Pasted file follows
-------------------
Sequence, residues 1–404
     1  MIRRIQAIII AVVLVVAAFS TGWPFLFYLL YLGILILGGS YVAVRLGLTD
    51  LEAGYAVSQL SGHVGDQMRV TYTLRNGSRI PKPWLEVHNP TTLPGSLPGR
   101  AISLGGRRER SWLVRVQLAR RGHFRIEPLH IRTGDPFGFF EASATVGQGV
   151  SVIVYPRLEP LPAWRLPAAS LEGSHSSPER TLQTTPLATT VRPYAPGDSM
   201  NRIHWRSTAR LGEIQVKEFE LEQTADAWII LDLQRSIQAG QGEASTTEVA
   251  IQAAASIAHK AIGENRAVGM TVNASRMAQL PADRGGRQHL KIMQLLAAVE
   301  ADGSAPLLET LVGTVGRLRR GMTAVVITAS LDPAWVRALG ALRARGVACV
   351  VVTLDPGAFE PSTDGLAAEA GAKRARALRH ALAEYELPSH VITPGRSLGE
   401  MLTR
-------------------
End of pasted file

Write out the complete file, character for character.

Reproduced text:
Sequence, residues 1–404
     1  MIRRIQAIII AVVLVVAAFS TGWPFLFYLL YLGILILGGS YVAVRLGLTD
    51  LEAGYAVSQL SGHVGDQMRV TYTLRNGSRI PKPWLEVHNP TTLPGSLPGR
   101  AISLGGRRER SWLVRVQLAR RGHFRIEPLH IRTGDPFGFF EASATVGQGV
   151  SVIVYPRLEP LPAWRLPAAS LEGSHSSPER TLQTTPLATT VRPYAPGDSM
   201  NRIHWRSTAR LGEIQVKEFE LEQTADAWII LDLQRSIQAG QGEASTTEVA
   251  IQAAASIAHK AIGENRAVGM TVNASRMAQL PADRGGRQHL KIMQLLAAVE
   301  ADGSAPLLET LVGTVGRLRR GMTAVVITAS LDPAWVRALG ALRARGVACV
   351  VVTLDPGAFE PSTDGLAAEA GAKRARALRH ALAEYELPSH VITPGRSLGE
   401  MLTR